Notes and Editorial Reviews
CHOPIN 51 Mazurkas • Nikita Magaloff (pn) • DECCA ELOQUENCE 480 5378o (2 CDs: 120:28)
"If I were to compile a list of great musicians whose careers did not live up to their potential on account of bad luck, pianist Nikita Magaloff, who died nearly 20 years ago, would most definitely warrant at least an honorable mention. A close artistic associate of Dinu Lipatti, who personally recommended that he be hired as his replacement at the Geneva Conservatory, Magaloff was an artist with remarkable gifts. Perhaps his most memorable accomplishment is that he was the first pianist ever to record the Chopin opera omnia. “So where is the part about his bad luck?” you might ask. Well, as a Chopin specialist, Magaloff spent much of
his long career in the shadow of other musicians. First, there was Artur Rubinstein, who for several decades enjoyed a largely undisputed monopoly on this repertoire. Then, by the time Rubinstein’s Chopin monopoly began to unravel somewhat in the 1970s, when incidentally Magaloff returned to the studio to record his second traversal of Chopin’s complete works, the world had moved on and the likes of Vladimir Ashkenazy, Maurizio Pollini, and Martha Argerich (who once studied with Magaloff) were the new talk of the town.
The discs presented for consideration here were recorded in the mid 1950s for Decca, and in large part show why Magaloff’s artistry deserves to be better known and why his reputation as a solid and reliable but not all that interesting pianist is not entirely deserved.
In the Chopin mazurkas, Magaloff impresses with his lightness of touch, well-proportioned rubatos, judicious use of the sustain pedal, and appreciation for the ever-shifting rhythmic lilt that characterizes these works. Many readers will likely want to know how Magaloff compares with Rubinstein, whose three (very different) recordings of the mazurka cycle are oftentimes invoked as a yardstick against which to measure all others. Recognizing that we are comparing apples to oranges and using Rubinstein’s second—and arguably finest—performance of the set as the benchmark, I actually find Magaloff to be the more refined pianist. Recognizing that I may also be committing heresy, I find Magaloff’s more nuanced interpretations often to be more interesting than Rubinstein’s, whose occasional brashness and rhythmic drive at times shortchange the subtlety of Chopin’s scores. So, at bottom, I would urge you to get your hands on this recording, because, like the Rubinstein sets, Magaloff’s is one of the finest I have heard. In case you are also wondering how this reading compares to the version Magaloff recorded some two decades later for Philips, I believe that this early version has the edge for its generally fleeter tempos, added spontaneity, and freshness.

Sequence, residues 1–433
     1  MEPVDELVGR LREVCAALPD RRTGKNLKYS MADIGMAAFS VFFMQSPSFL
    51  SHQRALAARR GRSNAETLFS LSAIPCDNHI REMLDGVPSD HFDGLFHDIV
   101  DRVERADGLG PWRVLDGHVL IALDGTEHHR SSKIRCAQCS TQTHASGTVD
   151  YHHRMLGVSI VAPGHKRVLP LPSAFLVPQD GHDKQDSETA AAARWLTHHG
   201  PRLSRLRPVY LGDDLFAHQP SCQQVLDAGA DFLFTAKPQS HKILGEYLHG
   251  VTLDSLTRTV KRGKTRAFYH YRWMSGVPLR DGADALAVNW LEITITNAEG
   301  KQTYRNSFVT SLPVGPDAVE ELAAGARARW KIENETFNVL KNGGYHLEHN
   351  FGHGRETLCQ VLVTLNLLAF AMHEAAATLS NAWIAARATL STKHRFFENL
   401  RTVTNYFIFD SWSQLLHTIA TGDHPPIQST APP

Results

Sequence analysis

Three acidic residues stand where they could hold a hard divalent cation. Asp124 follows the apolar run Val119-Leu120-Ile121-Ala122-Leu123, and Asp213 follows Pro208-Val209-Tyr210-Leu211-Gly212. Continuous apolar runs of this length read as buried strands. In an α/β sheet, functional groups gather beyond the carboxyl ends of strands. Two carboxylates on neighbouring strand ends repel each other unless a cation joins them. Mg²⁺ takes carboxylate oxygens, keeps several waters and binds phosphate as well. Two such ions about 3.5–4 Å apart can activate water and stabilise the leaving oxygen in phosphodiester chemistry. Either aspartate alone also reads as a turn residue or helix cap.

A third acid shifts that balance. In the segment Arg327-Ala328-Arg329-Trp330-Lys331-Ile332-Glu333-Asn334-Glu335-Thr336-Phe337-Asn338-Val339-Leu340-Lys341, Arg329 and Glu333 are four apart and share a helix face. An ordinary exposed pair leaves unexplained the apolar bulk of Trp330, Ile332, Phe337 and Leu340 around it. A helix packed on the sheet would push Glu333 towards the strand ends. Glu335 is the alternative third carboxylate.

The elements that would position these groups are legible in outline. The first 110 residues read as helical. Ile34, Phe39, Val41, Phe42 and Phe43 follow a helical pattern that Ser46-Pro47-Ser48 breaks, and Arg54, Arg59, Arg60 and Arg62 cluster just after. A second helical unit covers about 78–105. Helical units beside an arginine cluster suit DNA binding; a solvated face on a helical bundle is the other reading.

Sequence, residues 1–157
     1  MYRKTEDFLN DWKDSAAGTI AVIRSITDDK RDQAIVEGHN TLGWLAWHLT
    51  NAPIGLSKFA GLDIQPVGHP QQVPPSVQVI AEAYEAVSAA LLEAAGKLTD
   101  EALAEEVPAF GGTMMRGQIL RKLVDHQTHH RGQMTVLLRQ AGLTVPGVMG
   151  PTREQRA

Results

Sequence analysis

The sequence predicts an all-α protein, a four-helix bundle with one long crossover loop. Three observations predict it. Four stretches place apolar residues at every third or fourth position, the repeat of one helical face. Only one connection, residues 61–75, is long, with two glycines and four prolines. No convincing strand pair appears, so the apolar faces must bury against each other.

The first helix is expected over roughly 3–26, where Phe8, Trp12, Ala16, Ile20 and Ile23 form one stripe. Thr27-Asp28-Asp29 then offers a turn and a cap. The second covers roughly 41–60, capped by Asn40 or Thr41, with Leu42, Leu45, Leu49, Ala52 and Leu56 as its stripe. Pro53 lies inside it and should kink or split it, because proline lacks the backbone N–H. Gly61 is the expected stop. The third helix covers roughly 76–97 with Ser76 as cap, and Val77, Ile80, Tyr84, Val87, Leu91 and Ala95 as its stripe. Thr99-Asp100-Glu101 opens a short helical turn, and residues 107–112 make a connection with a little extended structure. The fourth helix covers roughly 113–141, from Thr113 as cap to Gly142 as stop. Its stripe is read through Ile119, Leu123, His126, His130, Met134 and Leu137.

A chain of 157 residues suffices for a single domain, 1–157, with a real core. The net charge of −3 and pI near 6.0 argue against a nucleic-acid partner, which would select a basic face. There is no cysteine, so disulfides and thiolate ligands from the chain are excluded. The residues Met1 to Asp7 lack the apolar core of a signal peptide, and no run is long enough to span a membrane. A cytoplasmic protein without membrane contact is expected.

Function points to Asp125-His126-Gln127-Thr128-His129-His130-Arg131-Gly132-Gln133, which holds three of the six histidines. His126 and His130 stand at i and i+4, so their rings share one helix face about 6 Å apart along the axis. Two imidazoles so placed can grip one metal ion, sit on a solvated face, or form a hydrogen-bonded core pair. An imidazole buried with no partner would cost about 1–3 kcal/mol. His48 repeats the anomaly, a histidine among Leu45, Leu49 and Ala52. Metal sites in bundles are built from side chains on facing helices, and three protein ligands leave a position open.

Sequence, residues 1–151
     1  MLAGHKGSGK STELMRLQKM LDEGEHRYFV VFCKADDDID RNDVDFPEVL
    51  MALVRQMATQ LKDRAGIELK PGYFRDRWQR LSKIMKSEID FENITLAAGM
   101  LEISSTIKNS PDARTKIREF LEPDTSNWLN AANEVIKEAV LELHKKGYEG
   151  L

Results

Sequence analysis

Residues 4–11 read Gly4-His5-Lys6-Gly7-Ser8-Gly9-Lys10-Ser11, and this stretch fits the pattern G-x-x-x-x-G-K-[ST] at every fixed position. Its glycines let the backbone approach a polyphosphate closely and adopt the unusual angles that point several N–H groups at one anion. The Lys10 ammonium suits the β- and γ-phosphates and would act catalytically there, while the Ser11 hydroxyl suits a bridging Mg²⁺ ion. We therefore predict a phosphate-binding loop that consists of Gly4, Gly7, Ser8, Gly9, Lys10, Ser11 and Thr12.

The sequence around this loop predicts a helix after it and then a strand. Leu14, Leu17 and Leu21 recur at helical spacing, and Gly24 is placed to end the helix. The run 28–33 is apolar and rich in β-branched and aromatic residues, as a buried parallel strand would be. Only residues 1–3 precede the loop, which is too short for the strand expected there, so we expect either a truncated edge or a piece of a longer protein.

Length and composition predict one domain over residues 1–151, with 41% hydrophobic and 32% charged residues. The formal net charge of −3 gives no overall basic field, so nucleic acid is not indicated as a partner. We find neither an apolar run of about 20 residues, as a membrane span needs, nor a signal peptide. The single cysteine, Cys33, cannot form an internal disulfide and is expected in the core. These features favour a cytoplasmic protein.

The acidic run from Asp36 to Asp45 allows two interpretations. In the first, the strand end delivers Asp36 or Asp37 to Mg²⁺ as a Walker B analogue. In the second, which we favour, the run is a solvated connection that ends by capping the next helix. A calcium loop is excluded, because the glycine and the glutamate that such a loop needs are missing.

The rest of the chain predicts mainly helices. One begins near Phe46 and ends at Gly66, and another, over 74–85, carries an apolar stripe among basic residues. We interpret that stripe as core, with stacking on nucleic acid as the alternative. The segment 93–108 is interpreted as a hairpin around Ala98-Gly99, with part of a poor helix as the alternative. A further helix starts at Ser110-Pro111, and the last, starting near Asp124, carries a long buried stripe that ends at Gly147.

The recordings were taped in monaural sound, but the quality is still very impressive.
FANFARE: Radu A. Lelutiu
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